Room40 – RM463 – 26th August 2016
‘The self-reflexive sequencing that tracks the sub-harmonic series in the opening blast of ‘Falling Forward’ positions the record as Chantler’s most explicitly melodic. These melodies however do not exist in a mono-dimensional vacuum, rather they co-exist in a meshed framework of dynamic timbral layers… The record’s abrupt cuts, deft variations of density and unexpected diversions are happily explored with headlong dives into ravishing texture and extended stretches of surface stasis. The music draws on a domestic reimagining of the traditions of studio based electronic music/musique concrete and 20th century minimalism and delivers this with brash revitalized energy.’ So explains the blurb which accompanies the release. Not being acquainted with Chantler’s extensive back-catalogue, I must assume that when it comes to being ‘explicitly melodic’, these things are indeed relative.
That isn’t to say that the material on Which Way to Leave? is a mess of atonal, non-melodic noise: far from it. However, this is not an album of dainty tunes, but a work which explores sound in terms of texture and tonality and the relationships between the two.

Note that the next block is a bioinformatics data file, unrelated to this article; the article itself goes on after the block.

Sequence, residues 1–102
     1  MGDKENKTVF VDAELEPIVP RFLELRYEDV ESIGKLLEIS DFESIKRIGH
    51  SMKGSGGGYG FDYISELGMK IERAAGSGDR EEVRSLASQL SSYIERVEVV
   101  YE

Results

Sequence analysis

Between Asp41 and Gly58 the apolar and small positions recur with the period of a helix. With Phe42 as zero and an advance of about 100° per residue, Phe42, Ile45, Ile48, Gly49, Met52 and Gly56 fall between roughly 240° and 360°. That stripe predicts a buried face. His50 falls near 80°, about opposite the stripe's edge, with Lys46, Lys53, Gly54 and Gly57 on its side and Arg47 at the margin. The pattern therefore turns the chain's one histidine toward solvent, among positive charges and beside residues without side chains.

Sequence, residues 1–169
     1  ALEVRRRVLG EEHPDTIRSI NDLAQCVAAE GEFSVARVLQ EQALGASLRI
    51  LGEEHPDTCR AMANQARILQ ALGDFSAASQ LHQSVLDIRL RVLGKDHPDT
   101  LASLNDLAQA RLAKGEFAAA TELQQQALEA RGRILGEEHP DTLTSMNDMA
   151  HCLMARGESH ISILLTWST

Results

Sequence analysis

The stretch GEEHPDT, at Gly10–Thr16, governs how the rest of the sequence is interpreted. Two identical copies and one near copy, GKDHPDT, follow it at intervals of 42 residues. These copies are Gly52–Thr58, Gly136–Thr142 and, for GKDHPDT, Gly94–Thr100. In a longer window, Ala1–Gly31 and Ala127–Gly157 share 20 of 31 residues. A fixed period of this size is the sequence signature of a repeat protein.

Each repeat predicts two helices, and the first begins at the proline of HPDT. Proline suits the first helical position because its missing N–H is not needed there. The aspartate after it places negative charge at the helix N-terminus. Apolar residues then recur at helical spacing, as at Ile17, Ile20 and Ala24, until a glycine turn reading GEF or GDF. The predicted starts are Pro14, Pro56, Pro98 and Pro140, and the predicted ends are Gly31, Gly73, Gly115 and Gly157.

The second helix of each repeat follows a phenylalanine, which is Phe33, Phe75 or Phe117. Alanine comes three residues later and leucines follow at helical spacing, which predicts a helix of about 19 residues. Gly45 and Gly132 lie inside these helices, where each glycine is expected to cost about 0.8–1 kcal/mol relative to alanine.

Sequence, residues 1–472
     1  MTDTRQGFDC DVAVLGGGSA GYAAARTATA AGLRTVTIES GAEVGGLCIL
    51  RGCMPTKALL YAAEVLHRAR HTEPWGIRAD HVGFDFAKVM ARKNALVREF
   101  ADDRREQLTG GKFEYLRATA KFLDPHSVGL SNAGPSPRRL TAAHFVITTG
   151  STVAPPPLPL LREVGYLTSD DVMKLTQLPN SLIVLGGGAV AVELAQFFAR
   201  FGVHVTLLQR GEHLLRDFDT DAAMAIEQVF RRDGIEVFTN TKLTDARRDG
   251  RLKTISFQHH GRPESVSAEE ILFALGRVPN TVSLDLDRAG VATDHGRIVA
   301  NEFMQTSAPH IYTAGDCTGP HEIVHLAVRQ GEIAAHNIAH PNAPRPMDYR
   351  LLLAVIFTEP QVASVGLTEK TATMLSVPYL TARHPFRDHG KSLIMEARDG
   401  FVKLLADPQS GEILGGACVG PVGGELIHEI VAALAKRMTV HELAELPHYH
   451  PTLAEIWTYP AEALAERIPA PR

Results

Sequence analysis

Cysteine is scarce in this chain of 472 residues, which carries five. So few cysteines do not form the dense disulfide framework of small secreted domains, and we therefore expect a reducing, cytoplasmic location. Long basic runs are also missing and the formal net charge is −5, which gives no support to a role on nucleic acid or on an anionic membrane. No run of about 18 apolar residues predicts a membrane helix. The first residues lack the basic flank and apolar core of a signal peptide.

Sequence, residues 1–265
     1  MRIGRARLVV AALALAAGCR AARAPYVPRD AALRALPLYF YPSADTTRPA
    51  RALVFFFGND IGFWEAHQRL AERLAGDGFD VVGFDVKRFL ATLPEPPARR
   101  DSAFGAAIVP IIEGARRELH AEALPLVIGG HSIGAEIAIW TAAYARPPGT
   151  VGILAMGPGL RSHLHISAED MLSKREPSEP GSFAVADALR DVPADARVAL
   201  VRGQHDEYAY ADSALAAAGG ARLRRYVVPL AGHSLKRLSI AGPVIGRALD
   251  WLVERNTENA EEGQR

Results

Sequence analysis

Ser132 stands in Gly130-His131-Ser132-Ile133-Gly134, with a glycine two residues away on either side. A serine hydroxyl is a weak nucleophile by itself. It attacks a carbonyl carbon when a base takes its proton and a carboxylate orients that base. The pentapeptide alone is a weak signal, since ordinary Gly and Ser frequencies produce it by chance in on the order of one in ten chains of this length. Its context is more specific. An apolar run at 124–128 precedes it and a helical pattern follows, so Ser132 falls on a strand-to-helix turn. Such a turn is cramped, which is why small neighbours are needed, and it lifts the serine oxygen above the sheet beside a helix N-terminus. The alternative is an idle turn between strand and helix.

‘Falling Forward’ does indeed commence the album with a veritable sonic assault. The volume of the piece is a necessary element, in that the tonal richness comes from the relationship between sounds as they resonate against one another. But this is an album of contrasts. The minuscule bleeps of ‘Clearing’ and the ringing hum and dank atmospherics of ‘Fixation Pulse’ rise and fall and chop and change in volume and pitch unexpectedly. At times almost silent, low downtuned tones growl and bark monstrously, contrasting with delicate chimes and sparkling flickers of light like crystals. While the majority of the pieces are short, almost fragmentary, the ten-minute ‘First December’ builds a cumulative effect by sustaining a steady multitonal drone which envelops the listener. This rippling wall is heavy with texture and rent with extraneous incidental sounds.
It may not be explicitly melodic in conventional terms, but it is an album which is sonically engaging and eminently listenable.